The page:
Frequency Measurement of a Guitar String.

Hi everybody,

So recently I have been using a frequency library to measure the frequency of a guitar string. I have wired up a guitar pickup to a 4th order low pass filter to isolate the fundamental frequency of the string. The signal then is passed through a comparator and finally to a voltage regulator. The end result is a square with a maximum voltage of 4V.

Here’s the link to the library if you are interested: FreqMeasure Library, for Measuring Frequencies in the 0.1 to 1000 Hz range, or RPM Tachometer Applications

Here is the code:

#include <FreqMeasure.h>

void setup() {
  Serial.begin(57600);
  FreqMeasure.begin();
}

double sum=0;
int count=0;

void loop() {
  if (FreqMeasure.available()) {
    sum = sum + FreqMeasure.read();
    count = count + 1;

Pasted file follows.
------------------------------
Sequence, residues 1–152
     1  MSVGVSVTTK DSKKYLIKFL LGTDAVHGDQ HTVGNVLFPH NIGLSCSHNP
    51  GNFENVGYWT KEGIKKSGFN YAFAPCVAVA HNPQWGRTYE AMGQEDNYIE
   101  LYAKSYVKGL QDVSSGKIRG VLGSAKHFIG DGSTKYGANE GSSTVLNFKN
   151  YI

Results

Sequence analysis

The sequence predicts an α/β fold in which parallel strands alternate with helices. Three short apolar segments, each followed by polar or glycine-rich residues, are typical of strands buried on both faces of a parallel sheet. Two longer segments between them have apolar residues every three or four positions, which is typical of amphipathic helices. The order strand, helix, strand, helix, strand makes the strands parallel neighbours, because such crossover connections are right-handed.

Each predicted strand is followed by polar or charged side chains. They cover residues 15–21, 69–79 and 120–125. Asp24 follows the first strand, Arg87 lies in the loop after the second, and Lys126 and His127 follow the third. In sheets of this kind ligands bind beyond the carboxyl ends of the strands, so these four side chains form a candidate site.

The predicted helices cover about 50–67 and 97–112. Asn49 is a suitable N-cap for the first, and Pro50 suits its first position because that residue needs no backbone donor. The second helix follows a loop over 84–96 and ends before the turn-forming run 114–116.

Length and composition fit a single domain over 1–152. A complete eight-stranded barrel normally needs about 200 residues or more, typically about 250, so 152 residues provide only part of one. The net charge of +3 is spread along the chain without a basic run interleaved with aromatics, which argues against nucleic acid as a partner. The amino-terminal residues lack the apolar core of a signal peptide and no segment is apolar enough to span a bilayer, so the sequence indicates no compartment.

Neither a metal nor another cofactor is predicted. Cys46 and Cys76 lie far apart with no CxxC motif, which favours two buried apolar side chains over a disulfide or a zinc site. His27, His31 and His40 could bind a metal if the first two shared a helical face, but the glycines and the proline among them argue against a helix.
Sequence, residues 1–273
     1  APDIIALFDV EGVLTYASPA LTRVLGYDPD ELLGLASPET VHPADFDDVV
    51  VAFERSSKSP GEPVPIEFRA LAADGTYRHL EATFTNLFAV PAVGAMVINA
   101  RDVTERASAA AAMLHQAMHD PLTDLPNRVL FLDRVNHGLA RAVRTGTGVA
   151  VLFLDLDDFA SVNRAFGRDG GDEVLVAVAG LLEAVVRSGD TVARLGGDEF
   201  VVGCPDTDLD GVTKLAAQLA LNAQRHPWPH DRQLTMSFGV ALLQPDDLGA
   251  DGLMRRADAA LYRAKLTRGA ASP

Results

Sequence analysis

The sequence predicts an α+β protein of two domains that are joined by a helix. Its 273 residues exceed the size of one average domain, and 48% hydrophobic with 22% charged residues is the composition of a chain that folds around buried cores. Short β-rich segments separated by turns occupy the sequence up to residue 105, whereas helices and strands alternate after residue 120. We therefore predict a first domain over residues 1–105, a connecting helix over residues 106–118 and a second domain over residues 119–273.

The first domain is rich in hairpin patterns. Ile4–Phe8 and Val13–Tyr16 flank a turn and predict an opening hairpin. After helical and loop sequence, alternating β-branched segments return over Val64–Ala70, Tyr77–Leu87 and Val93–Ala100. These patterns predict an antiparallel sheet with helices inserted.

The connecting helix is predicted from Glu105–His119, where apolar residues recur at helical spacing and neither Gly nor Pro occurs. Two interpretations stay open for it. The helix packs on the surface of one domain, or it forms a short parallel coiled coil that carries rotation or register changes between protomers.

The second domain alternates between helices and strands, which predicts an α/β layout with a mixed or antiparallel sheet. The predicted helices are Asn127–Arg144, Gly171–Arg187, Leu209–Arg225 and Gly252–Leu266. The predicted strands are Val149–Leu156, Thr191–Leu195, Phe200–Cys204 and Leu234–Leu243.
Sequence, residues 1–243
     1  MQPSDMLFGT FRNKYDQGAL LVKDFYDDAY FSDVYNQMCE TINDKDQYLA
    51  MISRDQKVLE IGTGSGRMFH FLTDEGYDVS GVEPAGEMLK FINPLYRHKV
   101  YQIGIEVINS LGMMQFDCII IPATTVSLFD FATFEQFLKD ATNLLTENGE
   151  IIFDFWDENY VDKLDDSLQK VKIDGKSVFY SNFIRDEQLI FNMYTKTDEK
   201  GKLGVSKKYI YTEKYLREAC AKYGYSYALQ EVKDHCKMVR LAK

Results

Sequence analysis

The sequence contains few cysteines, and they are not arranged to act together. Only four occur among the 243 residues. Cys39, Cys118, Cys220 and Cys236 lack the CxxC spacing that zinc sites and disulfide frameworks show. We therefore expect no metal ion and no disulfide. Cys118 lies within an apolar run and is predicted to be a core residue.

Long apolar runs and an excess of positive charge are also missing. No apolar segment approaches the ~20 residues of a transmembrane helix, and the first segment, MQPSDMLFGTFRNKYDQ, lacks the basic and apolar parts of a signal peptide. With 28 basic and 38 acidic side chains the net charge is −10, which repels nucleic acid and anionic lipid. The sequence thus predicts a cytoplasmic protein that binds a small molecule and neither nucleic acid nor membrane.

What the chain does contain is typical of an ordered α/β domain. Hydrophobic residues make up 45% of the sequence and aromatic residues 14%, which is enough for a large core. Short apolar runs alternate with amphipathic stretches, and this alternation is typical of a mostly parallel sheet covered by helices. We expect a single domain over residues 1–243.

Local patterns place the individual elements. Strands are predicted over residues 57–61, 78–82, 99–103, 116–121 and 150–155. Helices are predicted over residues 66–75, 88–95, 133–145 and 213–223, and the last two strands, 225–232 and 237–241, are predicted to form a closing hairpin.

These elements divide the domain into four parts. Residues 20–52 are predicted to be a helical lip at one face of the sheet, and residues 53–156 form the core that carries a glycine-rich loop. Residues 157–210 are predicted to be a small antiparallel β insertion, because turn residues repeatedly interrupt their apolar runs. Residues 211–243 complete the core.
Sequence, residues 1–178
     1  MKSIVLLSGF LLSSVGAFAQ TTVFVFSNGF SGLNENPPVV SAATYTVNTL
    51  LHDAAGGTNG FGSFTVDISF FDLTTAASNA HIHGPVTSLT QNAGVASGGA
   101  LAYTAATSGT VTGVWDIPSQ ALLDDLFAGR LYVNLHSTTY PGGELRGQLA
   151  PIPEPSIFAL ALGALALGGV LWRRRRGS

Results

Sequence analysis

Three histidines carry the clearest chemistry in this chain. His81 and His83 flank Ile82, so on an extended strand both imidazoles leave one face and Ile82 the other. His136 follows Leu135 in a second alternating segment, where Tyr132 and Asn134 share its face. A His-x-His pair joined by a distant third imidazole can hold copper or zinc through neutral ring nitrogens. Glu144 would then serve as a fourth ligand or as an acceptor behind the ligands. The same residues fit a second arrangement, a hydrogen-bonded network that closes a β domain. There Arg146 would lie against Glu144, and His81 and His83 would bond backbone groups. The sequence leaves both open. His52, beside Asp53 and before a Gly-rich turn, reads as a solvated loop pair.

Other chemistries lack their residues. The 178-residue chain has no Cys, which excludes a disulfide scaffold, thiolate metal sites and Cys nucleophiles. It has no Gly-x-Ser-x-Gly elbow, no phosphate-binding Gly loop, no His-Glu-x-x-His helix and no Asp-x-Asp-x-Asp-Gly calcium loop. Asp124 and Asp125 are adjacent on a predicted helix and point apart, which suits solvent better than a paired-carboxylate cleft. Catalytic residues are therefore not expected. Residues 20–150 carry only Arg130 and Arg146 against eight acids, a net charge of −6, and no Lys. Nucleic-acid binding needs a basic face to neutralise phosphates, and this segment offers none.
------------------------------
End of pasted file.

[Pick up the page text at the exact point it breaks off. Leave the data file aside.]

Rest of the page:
if (count > 30) {
      float frequency = FreqMeasure.countToFrequency(sum / count);
      Serial.println(frequency);
      sum = 0;
      count = 0;
    }
  }
}

Now the code works fine if the frequency is constant (e.g. input a frequency from a function generator). However, when I test it on the guitar I get a range of frequencies. Anything below 80 Hz is due to the transient nature of the string.

I want to add code so that the Arduino can pick out those 80 Hz as seen in the image and ignore all other printed values. I have attached the image below.

Any help would be greatly appreciated.

Thanks.

Frequency Results Arduino.jpg

Maybe average 10 readings, throwing out any data points more than 10% below the current average?

   float average = getFrequency();
   for (int i=1; i<=10; ) {
      float frequency = getFrequency();
      if (frequency < (0.9 * (average/i)))
           continue;  // Skip this sample
      average += frequency;
     i++;
    }

Have you researched FFT with arduino ?

https://www.google.com/webhp?sourceid=chrome-instant&rlz=1C1GPCK_enUS504US504&ion=1&espv=2&ie=UTF-8#q=fft%20with%20arduino